I’ve been thinking lately about the prophet Malachi, who ended his record with these words: “Behold, I will send you Elijah the prophet before the coming of the great and dreadful day of the Lord: And he shall turn the heart of the fathers to the children, and the heart of the children to their fathers, lest I come and smite the earth with a curse.”
These words have been repeated in every dispensation of time, to every people. They are Epic. I love the definition of The Spirit of Elijah given by Russell M. Nelson: “The Spirit of Elijah is the Holy Ghost bearing witness of the divine nature of the family.” We often talk about the Spirit of Elijah in relation to Family History work. I feel it. I feel my heart turning to my fathers and ancestors and I feel that they are aware of me when I notice them.
Today I am thinking about Malachi’s words, repeated in this dispensation, where he concludes: “. . . and he shall plant in the hearts of the children the promises made to the fathers, and the hearts of the children shall turn to their fathers. If it were not so, the whole earth would be utterly wasted at his coming.” (D&C 2)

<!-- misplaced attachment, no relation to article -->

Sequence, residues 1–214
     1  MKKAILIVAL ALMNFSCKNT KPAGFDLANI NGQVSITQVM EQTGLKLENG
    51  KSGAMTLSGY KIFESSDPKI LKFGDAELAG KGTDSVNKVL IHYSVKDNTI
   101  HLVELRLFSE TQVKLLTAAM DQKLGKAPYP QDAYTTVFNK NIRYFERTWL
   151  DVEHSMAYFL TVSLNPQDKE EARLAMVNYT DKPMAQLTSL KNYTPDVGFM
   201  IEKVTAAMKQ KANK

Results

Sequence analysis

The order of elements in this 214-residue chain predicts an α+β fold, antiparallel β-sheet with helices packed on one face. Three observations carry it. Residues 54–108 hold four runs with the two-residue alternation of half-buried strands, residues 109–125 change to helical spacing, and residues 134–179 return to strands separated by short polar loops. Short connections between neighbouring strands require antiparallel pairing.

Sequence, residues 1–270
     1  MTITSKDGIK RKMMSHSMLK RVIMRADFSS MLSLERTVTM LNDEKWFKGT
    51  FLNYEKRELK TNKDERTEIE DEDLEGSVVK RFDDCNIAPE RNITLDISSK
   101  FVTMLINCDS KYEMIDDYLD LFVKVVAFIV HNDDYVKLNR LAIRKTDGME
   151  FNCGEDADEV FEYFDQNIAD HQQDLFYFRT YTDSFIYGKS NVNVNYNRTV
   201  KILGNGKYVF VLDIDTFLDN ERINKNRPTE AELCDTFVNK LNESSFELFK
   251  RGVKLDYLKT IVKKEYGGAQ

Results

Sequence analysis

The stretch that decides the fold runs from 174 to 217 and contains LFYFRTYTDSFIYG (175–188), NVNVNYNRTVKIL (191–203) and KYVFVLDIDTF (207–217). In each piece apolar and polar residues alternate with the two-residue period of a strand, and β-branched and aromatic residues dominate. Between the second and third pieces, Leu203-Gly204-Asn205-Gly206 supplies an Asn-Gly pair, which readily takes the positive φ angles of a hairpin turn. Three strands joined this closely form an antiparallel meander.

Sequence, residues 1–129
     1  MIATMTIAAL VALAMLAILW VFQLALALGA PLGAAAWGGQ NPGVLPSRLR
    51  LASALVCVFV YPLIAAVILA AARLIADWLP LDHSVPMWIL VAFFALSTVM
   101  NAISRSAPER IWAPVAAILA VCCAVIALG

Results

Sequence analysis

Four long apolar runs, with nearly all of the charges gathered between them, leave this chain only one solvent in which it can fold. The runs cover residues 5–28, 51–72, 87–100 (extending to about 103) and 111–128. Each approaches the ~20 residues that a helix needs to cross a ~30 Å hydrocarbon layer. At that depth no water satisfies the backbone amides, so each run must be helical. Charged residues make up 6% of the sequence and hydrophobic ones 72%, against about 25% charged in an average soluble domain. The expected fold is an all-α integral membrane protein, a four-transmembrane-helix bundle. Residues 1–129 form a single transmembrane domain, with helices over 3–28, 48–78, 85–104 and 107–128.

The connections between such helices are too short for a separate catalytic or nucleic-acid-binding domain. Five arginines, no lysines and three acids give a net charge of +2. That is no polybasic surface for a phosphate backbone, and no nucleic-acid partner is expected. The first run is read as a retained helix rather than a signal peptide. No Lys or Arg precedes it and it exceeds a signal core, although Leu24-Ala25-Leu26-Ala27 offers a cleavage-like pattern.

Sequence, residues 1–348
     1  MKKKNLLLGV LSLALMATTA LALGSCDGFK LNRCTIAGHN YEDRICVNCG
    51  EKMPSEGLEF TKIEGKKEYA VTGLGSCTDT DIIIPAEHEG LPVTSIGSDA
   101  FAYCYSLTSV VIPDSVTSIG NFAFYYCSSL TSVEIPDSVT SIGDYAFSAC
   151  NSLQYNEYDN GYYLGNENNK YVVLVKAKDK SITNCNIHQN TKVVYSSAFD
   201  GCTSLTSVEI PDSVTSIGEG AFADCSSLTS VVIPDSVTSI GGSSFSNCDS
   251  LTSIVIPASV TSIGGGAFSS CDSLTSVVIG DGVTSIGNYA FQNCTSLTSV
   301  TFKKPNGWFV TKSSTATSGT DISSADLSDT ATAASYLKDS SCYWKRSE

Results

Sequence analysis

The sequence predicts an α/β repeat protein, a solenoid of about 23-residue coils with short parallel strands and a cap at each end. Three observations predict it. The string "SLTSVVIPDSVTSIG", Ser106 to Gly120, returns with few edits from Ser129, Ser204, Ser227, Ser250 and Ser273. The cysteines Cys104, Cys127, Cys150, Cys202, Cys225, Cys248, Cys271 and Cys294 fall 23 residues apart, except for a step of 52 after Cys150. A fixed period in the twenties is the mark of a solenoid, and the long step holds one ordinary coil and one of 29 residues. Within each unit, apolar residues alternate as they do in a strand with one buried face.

“Utterly Wasted.” “Leaving neither root nor branch.” “Smitten with a curse.” Hmmm. Yesterday in my Family History class we talked about finding and recording the histories of other family members. Sid Lieberman, a nationally-acclaimed storyteller came to the Roots Tech Conference in Salt Lake last March. He said, “Everyone has a right to exist.” Then he encouraged us to “Be a witness for someone who otherwise would not be known.” To me this means: SAVE A LIFE BY PRESERVING A MEMORY OF SOMEONE. To paraphrase Donald Davis, “If we don’t remember someone, it’s as if they never lived.” (See Nov. 2 post.)
This reminds me of a statement made by Ronald O. Barney, of the Church History Department: If you do not write your story, your name will be obliterated from the human record and you will not speak from the grave. You will not have any influence on those who come after you. Those who write about the things they have done and learned in life have a huge impact on posterity. Write your story. You have overcome things your children need to know about.”
So, today I am stewing on all these thoughts, wondering if the “utter waste” the prophets speak of might be lives lived and not learned from. If I were to live and die, and a generation or two from now, influence no loved one for good, my life would be a waste. I can do something about that every day. I can write and record and preserve my thoughts and experiences. AND I can do the same for others in my family whose lives I’m discovering and learning about. Their lives are not wasted on me.
Another reason for writing my fingers to the bone.